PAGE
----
How to Find a Financial Advisor for Doctors

Doctors have unique financial planning needs and should work with a specialist.

Find a Financial Advisor for Doctors

Word of mouth is one effective strategy for finding a financial advisor who specializes in helping doctors.(Getty Images)

Doctors face a unique set of financial challenges and opportunities. And a financial advisor with a specialized understanding of those factors can help doctors navigate those uncommon circumstances.

Just as you wouldn't go to an orthopedist to help with an earache, experts say, you shouldn't work with a financial advisor who isn't familiar with the intricacies of a doctor's lifestyle.

"A financial advisor should serve as a guide, someone who understands your unique situation and can help you plan for your future," says Julia Bartak, an Edward Jones financial advisor in the Kansas City area. "That means they should understand the nuances of working in the medical field, such as running a medical practice, insurance, retirement options and more."

Here is how to find and choose a financial advisor for doctors.

How to Find a Financial Advisor for Doctors

One way to find a financial advisor who specializes in helping doctors is by word of mouth. Ask other physicians in your area for recommendations and their thoughts on their relationship with the advisor.

"If you belong to a hospital group, you could check with your (human resources) department to see if they would be able to recommend someone," says Hagen Pruemm, an investment advisor and president of SIS Financial Group in Hoffman Estates, Illinois.

U.S. News' Financial Advisor Finder profiles thousands of advisors and includes information on specialties and experience.

And there's always Google: A simple internet search for "financial advisor for doctors near me" can yield a wealth of results. Then look at the advisor's website to see if he or she addresses doctors specifically.

You can also refer to websites that provide educational financial content for doctors, such as The White Coat Investor and Physician on Fire, which refers to the acronym for "financial independence, retire early." Just make sure you do your own due diligence before choosing an advisor highlighted on such a website.

Check the advisor's credentials on or, two free tools where you can review an advisor's background, experience and disciplinary actions.

If you know you want to work with a specific type of advisor, such as a certified financial planner, you can also check the credential provider's website for a list of local certified advisors.

What to Look For in a Financial Advisor for Doctors

"Doctors can definitely benefit from the help of a financial advisor that understands their individual or specific situation," Pruemm says. "Most physicians will eventually find themselves amongst the top earners, but years of medical school and residency can cause them to start out with much greater debt than most Americans."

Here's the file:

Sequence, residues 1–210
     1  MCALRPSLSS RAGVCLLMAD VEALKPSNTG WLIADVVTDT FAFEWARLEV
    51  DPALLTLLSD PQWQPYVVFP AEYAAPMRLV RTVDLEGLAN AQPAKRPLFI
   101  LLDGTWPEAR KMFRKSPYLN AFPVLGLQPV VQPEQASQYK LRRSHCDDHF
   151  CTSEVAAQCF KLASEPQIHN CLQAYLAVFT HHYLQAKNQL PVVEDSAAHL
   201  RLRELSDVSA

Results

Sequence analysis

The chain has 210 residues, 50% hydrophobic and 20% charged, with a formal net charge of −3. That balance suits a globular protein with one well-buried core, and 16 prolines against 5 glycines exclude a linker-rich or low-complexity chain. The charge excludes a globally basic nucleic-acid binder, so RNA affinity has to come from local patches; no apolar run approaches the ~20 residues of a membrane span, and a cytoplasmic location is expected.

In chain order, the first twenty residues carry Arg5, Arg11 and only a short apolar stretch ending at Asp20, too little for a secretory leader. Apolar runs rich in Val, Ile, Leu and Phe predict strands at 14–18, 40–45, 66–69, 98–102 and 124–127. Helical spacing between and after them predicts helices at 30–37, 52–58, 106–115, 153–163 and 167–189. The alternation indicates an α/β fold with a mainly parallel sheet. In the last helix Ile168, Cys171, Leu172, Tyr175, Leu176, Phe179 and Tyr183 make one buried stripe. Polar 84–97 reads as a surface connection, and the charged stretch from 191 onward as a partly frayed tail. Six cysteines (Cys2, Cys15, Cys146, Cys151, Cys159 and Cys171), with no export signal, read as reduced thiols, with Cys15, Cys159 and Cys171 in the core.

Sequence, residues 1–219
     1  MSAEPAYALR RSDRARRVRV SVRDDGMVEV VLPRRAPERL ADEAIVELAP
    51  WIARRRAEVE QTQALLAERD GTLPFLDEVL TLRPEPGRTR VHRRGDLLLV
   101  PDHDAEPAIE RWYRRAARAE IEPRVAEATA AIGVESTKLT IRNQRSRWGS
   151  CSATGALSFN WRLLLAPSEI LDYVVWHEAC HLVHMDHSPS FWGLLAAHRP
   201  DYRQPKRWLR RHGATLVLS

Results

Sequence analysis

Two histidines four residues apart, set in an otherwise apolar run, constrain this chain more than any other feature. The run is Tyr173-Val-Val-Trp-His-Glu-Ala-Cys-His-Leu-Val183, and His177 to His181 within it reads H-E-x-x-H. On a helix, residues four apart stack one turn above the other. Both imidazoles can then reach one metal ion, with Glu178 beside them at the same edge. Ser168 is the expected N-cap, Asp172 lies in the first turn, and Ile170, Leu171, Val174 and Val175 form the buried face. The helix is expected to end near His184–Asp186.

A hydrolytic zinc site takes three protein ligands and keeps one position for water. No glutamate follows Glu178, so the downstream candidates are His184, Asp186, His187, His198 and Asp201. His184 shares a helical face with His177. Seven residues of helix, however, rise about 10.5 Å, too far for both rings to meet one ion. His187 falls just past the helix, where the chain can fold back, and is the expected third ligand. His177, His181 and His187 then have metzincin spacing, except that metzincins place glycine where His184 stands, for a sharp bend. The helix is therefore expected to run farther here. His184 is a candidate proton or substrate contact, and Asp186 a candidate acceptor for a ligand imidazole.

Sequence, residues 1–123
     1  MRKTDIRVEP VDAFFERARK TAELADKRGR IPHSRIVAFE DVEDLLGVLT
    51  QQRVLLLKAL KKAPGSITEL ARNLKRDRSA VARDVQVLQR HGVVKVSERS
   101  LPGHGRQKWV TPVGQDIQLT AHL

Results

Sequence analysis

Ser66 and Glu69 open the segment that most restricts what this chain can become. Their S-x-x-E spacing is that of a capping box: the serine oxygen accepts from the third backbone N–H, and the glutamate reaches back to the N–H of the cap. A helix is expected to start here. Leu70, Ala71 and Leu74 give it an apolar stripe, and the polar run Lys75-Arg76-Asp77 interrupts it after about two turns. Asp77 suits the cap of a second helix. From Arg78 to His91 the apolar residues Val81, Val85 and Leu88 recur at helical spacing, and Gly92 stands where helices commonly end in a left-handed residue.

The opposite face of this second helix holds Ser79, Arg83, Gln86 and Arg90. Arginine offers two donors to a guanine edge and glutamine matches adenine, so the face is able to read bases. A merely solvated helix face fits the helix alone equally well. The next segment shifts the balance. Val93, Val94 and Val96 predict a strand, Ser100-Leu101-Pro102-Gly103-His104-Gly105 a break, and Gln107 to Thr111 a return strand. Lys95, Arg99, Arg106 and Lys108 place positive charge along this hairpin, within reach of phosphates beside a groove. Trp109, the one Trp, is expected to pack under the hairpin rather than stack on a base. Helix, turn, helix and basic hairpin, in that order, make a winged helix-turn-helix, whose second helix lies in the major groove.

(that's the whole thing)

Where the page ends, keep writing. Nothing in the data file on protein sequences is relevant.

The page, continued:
A financial advisor who has experience working with medical professionals will be better equipped to help you develop a plan that addresses these unique concerns, he says.

"Oftentimes, doctors work well into their 60s or 70s, so one of the greatest financial threats would be premature death or disability resulting in years, or even decades, of income loss," Pruemm says. "With what seems like endless options for life and disability insurance, having a financial advisor that also specializes in that area would be very helpful."

Bartak says an advisor may partner with an insurance specialist to help you choose the right insurance coverage. Similarly, the advisor may also work in tandem with your tax accountant to ensure you're maximizing tax-advantaged income.

Some financial planning firms include insurance and tax specialists under the same roof, while others may partner with outside firms.

If you own a practice, a financial advisor can help you establish a proper and thoughtful succession plan, Bartak says.

"As a doctor, you know the importance of a regular check-up and listening to your patients," Bartak says. You should expect the same from your financial advisor.

"Your financial advisor should ask you about your goals, hopes, dreams and fears, and help you put a financial strategy in place to achieve what matters most to you," she says. The advisor will check in with you regularly to ensure you're still on track to meet your goals.

"Above all, a financial advisor should serve you in a way that's human-centered – not unlike the way a doctor treats a patient," Bartak says.

Financial Advisors for Doctors

Here are some financial advisors who specialize in helping doctors.

Remember: It's important to vet a financial advisor, review his or her credentials and ask the right questions before engaging in an advising relationship.

  • Aptus Financial: a flat-fee financial planning and investment firm that focuses on early- and mid-career physicians.
  • Wrenne Financial Planning: a fee-only comprehensive financial planning firm for physicians.
  • Panoramic Financial Advice: a comprehensive financial planning practice with advisors who work specifically with young physicians.
  • Financial Rounds: a site dedicated to helping doctors make financial decisions with ongoing financial planning and investment management.
  • CMG Financial Consulting: a fee-only financial planning firm that works primarily with physicians and medical professionals.
  • Physician Family Financial Advisors: a fee-only financial planning firm for doctors and their families.
  • Pulse Financial Planning: a fiduciary financial planning firm that specializes in helping health care professionals.
  • WealthCare LLC: a fiduciary, fee-only financial planning and investment management firm specializing in physicians and other health care professionals.

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